Thanks for the useful information you have mailed me about mind rubric. Will you please let me know the name of repertory you have quoted, because I am watching a lot of new names of remedies in it.
    Thanks once again
    Dr R K Gupta, B.H.M.S.

    • Robert Field on

      As I mentioned in the article it is from the Complete 2009 Repertory.

  9. A.K.Jhunjhunwala on

    I would be happy to know moew about AUTISM in full detail alongwith the suggested Homeopathy remedies as there are quite a number of cases these days and they need to be addressed as soon as possible. If you have any case histories where treatment has benefitted the case to become normal again it would help me to diagnose cases.


  10. Preetika Goel on

    Thank you Robert,for such a good article.

  11. Dr.H.C.Malaker on

    Thanks Dr.Robert Field for introducing latest repertory it will surely help to reach to a correct remedy.More questionaries really make the case complex.I would like to request you to please explain more how we the prationer can select a correct remedy of a disease in a short way.Regards,malaker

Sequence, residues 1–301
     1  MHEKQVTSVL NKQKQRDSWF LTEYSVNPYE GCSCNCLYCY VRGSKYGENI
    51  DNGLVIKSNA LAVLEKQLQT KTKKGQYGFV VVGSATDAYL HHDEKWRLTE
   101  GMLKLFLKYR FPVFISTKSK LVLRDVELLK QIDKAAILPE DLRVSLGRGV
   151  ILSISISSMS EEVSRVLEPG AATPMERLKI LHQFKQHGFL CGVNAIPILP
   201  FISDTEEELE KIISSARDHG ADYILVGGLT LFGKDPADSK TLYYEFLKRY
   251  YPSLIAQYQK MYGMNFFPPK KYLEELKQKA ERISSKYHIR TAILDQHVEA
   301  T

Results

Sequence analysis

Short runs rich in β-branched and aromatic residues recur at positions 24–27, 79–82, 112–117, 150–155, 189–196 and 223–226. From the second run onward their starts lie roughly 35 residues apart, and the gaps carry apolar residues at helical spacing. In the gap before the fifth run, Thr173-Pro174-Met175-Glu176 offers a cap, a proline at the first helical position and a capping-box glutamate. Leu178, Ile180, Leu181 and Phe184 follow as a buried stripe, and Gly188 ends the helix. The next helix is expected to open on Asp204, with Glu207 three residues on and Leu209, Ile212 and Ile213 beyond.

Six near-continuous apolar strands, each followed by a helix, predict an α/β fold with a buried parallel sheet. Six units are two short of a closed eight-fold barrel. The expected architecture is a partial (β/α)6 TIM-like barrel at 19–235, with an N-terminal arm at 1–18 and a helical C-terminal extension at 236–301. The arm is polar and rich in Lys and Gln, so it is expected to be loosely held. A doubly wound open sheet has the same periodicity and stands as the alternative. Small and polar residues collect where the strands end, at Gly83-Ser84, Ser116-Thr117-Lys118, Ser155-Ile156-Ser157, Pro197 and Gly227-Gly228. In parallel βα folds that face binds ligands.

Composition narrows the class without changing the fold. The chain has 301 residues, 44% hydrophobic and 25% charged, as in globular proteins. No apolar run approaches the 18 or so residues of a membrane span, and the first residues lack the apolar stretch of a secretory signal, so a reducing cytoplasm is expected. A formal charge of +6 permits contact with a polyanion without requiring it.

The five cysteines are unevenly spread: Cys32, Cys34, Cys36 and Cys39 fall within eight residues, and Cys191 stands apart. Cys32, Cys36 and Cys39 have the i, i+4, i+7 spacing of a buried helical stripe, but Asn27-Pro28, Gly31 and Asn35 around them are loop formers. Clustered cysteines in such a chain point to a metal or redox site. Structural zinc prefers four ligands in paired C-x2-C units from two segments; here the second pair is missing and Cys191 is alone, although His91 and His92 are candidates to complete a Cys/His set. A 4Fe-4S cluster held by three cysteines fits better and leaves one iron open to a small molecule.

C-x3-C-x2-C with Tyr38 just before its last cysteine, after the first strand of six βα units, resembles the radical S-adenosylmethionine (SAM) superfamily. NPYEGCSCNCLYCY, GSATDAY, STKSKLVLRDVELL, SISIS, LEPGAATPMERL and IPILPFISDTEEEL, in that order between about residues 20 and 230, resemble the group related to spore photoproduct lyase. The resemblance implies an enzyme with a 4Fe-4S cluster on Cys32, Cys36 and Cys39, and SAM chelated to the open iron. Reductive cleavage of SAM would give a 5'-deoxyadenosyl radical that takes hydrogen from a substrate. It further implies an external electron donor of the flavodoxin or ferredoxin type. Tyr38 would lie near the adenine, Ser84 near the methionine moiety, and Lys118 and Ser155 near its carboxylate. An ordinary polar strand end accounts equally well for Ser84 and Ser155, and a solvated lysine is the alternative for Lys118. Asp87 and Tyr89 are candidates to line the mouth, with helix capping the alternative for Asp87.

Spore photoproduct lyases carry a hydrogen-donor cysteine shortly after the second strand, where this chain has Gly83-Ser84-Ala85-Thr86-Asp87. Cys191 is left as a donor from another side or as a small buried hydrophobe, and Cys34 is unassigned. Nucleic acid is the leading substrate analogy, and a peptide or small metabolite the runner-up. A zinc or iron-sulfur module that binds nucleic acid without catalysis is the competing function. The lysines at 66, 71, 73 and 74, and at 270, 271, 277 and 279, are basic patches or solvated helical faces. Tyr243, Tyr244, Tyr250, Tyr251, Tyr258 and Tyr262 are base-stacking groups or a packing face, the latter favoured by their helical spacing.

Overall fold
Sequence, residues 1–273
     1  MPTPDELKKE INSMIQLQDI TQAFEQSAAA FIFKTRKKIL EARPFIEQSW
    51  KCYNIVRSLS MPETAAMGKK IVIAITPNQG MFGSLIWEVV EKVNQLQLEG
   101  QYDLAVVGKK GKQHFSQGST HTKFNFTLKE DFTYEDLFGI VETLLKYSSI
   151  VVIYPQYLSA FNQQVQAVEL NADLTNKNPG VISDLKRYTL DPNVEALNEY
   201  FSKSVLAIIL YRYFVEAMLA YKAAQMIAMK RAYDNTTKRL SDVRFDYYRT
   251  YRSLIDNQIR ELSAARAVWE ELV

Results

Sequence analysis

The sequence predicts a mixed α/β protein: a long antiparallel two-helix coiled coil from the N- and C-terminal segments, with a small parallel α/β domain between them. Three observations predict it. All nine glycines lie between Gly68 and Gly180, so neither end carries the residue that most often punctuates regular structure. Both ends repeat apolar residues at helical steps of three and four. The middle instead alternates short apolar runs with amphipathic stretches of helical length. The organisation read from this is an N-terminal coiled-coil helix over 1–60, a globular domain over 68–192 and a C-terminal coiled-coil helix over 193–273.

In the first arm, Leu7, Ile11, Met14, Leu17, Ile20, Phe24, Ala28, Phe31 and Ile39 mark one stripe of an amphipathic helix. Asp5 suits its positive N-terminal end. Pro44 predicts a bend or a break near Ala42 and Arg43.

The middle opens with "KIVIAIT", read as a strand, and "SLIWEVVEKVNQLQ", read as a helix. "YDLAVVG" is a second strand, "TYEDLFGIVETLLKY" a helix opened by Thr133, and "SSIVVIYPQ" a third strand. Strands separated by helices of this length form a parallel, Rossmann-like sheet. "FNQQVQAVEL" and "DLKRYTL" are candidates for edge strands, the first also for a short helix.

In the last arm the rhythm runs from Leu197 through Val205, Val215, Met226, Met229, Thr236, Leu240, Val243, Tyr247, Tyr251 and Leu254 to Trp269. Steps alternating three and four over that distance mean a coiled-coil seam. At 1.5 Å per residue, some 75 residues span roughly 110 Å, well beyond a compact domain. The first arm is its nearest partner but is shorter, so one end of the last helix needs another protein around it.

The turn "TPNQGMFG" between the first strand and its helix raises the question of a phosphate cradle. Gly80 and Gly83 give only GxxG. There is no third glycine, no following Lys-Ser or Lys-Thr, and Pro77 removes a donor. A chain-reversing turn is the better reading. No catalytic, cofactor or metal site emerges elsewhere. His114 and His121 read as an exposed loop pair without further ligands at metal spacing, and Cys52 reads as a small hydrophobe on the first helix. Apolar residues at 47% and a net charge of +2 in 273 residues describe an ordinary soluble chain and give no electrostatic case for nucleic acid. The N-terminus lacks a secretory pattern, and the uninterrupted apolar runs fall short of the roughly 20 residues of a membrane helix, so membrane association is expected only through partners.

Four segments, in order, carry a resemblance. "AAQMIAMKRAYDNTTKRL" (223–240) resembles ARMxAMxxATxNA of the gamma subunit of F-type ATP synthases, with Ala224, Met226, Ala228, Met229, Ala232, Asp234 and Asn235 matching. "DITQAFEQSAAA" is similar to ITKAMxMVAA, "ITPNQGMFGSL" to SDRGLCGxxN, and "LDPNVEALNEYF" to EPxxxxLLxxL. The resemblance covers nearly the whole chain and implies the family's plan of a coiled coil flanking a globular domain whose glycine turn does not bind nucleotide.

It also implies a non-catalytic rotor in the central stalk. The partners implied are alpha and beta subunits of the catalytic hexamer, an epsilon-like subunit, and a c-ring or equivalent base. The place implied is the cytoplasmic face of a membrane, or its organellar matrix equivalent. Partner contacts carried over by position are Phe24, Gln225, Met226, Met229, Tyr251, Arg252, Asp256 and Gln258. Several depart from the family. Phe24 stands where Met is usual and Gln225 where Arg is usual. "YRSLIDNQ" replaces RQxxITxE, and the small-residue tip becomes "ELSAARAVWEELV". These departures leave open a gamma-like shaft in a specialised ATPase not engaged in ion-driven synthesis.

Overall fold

12. Philip Joseph on

    Dear Dr Robert: Thanks for an article of such deep meaning for practioners. I just want to add that sometimes I take the same rubric but I combine the remedies found for the same rubric listed in different repertories. I have found that using Robin Murphy’s repertory, Phatak’s repertory and Repertory of Psychic medicines by Gallavardin often yields rare remedies that are found only when I combine the remedies for the same rubric but from different repertory sources. To this I may add H.A. Robert’s ‘Sensations as if’ reprtory also gives additional remedies and strange rubrics not usually found in common repertories. Of course all this is time consuming but I hope that practise makes the search perfect. For example Gallavardin’s repertory has some very rare rurics – Order (men wanting, in order) in their financial, commercial & industrial affairs – Staph, Nux, Verat and Order (men wanting) in administration of their domestic affairs – Calc C, Natr M, Carbo V. Yet again – Order (men wanting in) in their literary works – Lyco, Puls. So this “lack of order” was rubricized by Gallawardin to an extreme degree. The Complete 2009 is a great repertory and is one of the best complete repertories but there a few other repertoreis that are truly strange like Gallawardins – one wonders how the author gained such an insight into rubrics, did he see hundreds of patients to confirm a rubric and so on……Thanks, Philip